“It’s not ‘whining on’ to care about my work,” the writer snapped. “There’s nothing wrong with taking yourself a bit seriously from time to time.”

“You think I don’t take writing seriously? I put myself through it, don’t I? Time and time again, reading your stuff, trying to give some constructive criticism.”

“It’s not martyrdom, it’s judging and deconstructing someone else’s effort and confessions, ignoring the blood and sweat and guts we leave on every sentence—just mopping it aside and shrugging your shoulders and calling it ‘professional objectivity.’ And ‘constructive’? Sadistic evisceration more like. I could build a pretty good case for psychological abuse against you, against your ilk.”

“And I could see some pretty substantial legal complications with that case, given our relationship. And what the fuck would you have us do, applaud the effort and time? Congratulations, you managed to spunk out some stuff onto a page in the tiny eighty-hour window of free time you have in your oh-so-demanding week. Should we acknowledge effort every time we think something stinks? ‘This film sucks, but I really sense that Mel Gibson really worked hard on this deranged atrocity of a movie, regardless of the many profound flaws contained in this work. Let’s applaud the efforts of Mr. Gibson’s synapses and the calories burned in the making of this heinous turd.’ It doesn’t work like that; effort is assumed. I’m not applauding anyone for getting out of bed. Michelangelo fucking worked—you, my friend, merely dabble.”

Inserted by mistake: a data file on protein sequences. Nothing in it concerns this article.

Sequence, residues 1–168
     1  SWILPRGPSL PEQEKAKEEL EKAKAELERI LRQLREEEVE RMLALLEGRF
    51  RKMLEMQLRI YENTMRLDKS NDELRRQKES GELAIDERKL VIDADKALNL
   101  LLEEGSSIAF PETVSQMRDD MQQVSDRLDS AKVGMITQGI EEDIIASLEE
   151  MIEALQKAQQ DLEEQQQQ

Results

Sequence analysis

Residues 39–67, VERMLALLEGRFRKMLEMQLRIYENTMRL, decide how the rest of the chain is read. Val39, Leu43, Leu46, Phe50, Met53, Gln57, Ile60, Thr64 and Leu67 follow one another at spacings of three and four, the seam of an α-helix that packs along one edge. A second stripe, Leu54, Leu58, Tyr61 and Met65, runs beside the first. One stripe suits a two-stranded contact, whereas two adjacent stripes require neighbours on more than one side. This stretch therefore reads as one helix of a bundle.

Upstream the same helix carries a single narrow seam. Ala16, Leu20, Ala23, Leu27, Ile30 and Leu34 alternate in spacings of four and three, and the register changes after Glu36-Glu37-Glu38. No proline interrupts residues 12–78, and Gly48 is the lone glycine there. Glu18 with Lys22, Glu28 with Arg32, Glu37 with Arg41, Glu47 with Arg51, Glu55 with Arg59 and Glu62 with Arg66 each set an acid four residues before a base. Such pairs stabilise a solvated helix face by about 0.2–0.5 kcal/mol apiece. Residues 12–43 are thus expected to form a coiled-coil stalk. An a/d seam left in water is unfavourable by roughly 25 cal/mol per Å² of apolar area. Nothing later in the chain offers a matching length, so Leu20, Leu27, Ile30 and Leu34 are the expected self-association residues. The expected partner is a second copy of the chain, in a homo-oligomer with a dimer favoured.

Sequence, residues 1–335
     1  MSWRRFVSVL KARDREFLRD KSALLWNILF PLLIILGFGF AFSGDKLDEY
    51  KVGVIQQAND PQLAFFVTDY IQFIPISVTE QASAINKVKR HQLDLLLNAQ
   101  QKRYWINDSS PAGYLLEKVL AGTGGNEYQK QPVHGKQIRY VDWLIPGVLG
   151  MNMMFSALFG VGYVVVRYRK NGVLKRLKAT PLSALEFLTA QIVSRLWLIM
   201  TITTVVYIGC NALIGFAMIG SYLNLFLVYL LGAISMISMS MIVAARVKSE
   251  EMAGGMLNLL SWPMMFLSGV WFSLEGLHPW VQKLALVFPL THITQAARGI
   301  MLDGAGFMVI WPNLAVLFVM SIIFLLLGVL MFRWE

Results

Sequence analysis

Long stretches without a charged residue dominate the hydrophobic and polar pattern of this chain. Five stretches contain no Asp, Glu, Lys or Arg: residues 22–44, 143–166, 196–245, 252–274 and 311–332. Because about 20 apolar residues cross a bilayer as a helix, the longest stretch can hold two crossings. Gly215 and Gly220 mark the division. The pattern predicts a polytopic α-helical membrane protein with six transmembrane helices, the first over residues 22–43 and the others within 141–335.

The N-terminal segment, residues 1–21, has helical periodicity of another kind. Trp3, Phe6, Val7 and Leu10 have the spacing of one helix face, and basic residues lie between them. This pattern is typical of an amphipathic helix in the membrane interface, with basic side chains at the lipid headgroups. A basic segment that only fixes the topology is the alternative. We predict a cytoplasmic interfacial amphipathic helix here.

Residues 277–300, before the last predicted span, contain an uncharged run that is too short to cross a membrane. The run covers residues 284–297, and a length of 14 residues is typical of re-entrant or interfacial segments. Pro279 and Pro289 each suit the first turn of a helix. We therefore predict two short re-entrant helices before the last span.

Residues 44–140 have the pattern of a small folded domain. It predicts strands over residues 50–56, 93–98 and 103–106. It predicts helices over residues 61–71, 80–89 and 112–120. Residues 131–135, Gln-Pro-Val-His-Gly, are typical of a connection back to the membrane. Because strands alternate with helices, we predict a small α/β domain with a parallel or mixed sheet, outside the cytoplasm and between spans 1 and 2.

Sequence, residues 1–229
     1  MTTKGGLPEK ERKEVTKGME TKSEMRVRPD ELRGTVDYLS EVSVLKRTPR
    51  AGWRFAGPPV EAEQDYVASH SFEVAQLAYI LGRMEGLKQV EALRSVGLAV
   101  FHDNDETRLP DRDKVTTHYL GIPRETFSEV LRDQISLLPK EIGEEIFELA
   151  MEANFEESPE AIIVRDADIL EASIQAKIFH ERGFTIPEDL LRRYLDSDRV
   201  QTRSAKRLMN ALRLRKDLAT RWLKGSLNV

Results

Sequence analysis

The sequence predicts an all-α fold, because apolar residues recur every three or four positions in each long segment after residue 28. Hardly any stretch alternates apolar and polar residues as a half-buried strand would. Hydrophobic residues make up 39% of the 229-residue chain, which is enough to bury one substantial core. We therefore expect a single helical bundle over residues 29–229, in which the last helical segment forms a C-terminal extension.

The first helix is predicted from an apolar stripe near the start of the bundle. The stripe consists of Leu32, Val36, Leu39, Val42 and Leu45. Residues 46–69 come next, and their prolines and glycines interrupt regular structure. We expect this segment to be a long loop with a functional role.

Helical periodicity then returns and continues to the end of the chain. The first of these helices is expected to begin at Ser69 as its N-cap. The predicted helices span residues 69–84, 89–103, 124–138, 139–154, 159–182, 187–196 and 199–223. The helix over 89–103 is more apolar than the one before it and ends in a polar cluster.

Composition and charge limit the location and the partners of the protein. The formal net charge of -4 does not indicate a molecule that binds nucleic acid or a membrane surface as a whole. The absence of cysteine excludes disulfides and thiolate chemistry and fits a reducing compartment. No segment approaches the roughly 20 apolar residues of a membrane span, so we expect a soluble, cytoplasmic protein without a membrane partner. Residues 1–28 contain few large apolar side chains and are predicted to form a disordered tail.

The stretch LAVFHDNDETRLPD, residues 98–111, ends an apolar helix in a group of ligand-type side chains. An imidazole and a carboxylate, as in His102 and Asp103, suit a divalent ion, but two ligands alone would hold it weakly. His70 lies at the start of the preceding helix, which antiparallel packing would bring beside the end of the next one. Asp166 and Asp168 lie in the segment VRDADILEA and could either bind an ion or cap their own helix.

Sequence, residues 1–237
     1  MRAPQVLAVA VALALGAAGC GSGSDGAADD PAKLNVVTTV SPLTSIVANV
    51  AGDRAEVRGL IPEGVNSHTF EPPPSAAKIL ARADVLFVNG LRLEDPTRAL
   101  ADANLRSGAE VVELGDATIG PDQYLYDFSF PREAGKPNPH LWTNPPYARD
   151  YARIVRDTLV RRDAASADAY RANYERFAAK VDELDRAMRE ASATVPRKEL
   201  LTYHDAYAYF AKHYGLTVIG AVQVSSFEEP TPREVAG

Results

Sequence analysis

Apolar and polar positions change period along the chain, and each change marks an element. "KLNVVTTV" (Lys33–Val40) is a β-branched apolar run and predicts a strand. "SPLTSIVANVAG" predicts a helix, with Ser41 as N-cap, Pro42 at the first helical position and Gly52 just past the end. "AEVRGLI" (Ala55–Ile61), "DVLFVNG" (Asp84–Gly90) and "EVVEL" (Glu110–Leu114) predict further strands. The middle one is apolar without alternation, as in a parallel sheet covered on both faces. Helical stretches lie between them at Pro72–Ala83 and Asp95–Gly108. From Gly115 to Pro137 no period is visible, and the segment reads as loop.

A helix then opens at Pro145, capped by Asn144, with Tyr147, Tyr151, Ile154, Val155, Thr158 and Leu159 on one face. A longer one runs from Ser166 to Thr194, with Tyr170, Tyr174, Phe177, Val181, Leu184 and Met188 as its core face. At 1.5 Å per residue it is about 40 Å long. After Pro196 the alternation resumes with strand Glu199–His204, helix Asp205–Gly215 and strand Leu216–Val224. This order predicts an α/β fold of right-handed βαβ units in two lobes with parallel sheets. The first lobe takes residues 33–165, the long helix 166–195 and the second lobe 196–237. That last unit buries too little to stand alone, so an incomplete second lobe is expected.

The writer stared down at his shoes.

“So now I’m Mel Gibson,” he said, meekly.

“Don’t put words in my mouth. You’re not Mel Gibson.”

“Well, at least we agree on one thing.”

“I mean, it’d be weird if we didn’t agree on some things. This relationship’s kind of symbiotic, after all.”

“You can say that again. But don’t tell me,” continued the writer, “that you don’t derive a certain kick out of trashing my shit.”

Me get a kick out of it?” exclaimed the critic. “Speak for yourself. You pore over my shit—you can’t get enough of it.”

“How could I not! You’re everywhere I go. And it’s mostly only when I’m drunk.”

“Less shamelessly when you’re drunk, perhaps—more hysterically, too—but certainly not exclusively when you’re drunk.”